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Mothering Teenagers: A Navigational Guide for Turbulent Times

Written by Lora Baughey on

As much as I loved snuggling my newborns, I’ve welcomed the emerging maturity in my teenage kids. I’ve beamed with pride as my eldest son works with his hands to turn pallets to treasure. I’ve wept tears of joy as I’ve watched my daughter overcome the heartache and struggles of foreign adoption. I’ve been constantly amazed by the raw talent that oozes out of most everything my second son puts his mind to do. And my heart has swelled to see my youngest daughter look for ways that she can help her disabled peers and include the less popular kids at school.

But, for all of the pride and joy I’ve experienced, I’ve also grieved bitterly over their repeated sins. During these times of crisis, I’ve wrestled with just about every possible wrong response. But God, who is rich in mercy, has been teaching me a better way.

Remember that prayer is paramount.

Pray first.

“Do not be anxious about anything, but in everything by prayer and supplication with thanksgiving let your requests be made known to God.” Philippians 4:6

I admit, that in times of crisis, my first response is often anxiety. Over time, this spirit of fear causes hope to wither and allows despair to take root instead. But, I’ve learned that when I choose to pray first, that act of dependence softens my response, strengthens my resolve and restores my soul.

Pray big.

“The prayer of a righteous person is powerful and effective.” James 5:16b

“For truly, I say to you, if you have faith like a grain of mustard seed, you will say to this mountain, ‘Move from here to there,’ and it will move, and nothing will be impossible for you.” Mathew 17:20b

God hears and answers us when we pray. And, the prayer of faith moves mountains. So, go ahead and ask the impossible! God can melt even the hardest heart of stone if we but trust Him.

Pray continually.

“Rejoice always, pray without ceasing, give thanks in all circumstances; for this is the will of God in Christ Jesus for you.” I Thessalonians 5:16-18

Mothers, forget the spa treatments; we need calloused knees! This bowing of the heart is what makes change possible. So, keep on keeping on. And if your grief takes you to the point where words fail, then simply lean into the Spirit who intercedes for you with groanings too deep for words. (Romans 8:26)

Live in community, seeking counsel when needed.

“The way of a fool is right in his own eyes, but a wise man listens to advice.” Proverbs 12:15

“For by wise guidance you can wage your war, and in abundance of counselors there is victory.” Proverbs 24:6

When our children begin to self-destruct, the desire to protect either their reputation or our own (pride, shame) is strong. This protective stance may tempt us into isolation, a condition my friends and I like to refer to as “turtling”. Frustration, stress, exhaustion and depression, which can all accompany turbulence, make it all the more easy to retreat into our proverbial shells. Beware of this trap! Without community, we are virtually defenseless against the attacks of the enemy.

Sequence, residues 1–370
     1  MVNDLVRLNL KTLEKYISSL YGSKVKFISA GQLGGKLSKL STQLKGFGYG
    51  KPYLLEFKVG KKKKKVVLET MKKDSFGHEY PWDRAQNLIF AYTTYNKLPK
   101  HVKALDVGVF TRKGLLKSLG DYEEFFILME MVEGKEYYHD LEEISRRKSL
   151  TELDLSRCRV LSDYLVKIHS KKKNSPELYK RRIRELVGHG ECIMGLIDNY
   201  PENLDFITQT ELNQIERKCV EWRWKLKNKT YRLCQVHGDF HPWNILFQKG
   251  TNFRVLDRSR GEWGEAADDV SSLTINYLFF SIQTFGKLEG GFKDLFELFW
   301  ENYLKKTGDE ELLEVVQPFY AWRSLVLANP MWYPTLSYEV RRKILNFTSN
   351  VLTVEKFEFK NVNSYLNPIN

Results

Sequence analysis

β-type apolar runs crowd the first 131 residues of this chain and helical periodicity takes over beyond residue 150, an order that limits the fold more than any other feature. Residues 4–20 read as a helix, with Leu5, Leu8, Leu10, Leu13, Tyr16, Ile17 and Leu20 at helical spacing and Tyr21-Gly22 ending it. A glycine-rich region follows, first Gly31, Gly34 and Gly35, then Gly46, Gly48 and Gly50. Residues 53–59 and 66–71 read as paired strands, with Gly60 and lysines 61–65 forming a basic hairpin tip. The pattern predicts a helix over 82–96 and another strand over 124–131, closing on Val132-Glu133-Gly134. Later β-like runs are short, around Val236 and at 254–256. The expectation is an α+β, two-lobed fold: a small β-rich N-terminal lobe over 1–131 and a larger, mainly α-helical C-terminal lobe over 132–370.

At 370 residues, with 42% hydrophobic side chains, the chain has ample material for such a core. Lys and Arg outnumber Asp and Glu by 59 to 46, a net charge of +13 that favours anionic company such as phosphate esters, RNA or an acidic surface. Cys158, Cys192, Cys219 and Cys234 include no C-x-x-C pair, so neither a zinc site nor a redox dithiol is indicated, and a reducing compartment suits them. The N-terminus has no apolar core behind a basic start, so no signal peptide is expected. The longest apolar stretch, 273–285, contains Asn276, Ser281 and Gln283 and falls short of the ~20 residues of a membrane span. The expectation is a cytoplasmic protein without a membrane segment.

Let discretion be your guide – always. But, with discretion, take your concerns to a trusted counselor, friend or small group of believers where you know you will receive prayer, encouragement and sound advice. Remember, Moses may have held the staff in his own hands, but without Aaron and Hur lifting up his arms, Israel would have lost the battle. (Exodus 17:8-13)

Love them back to repentance.

A soft answer turns away wrath, but a harsh word stirs up anger.” Proverbs 15:1

“And the younger of them said to his father, ‘Father, give me the share of property that is coming to me.’ And he divided his property between them.” Luke 15:12

“…God’s kindness is meant to lead you to repentance.” Romans 2:4

It’s good to remind yourself that you are battling the enemy, not your child when you face turbulent times. Once you’ve prayed and sought godly counsel, then you’ll be better prepared to respond to your child in love. When blatant disrespect and willful disobedience are what you’re up against, you may be tempted to try to forcefully regain control. But, when your ultimate goal is winning your child’s true repentance, you must decide to remain in control of your own spirit by offering instead your consistent, pursuing, arms-wide-open love. After all, isn’t that the way Jesus Christ won you?

If this Mother’s Day finds you weary from navigating heavy turbulence with your teen, then know that you have been in my prayers. Remain steadfast in your resolve to pray, to seek godly counsel, and to love unconditionally. Then, entrust your child, yet again, to the Lord of the Harvest who remains faithful through the storm.

Lora Baughey

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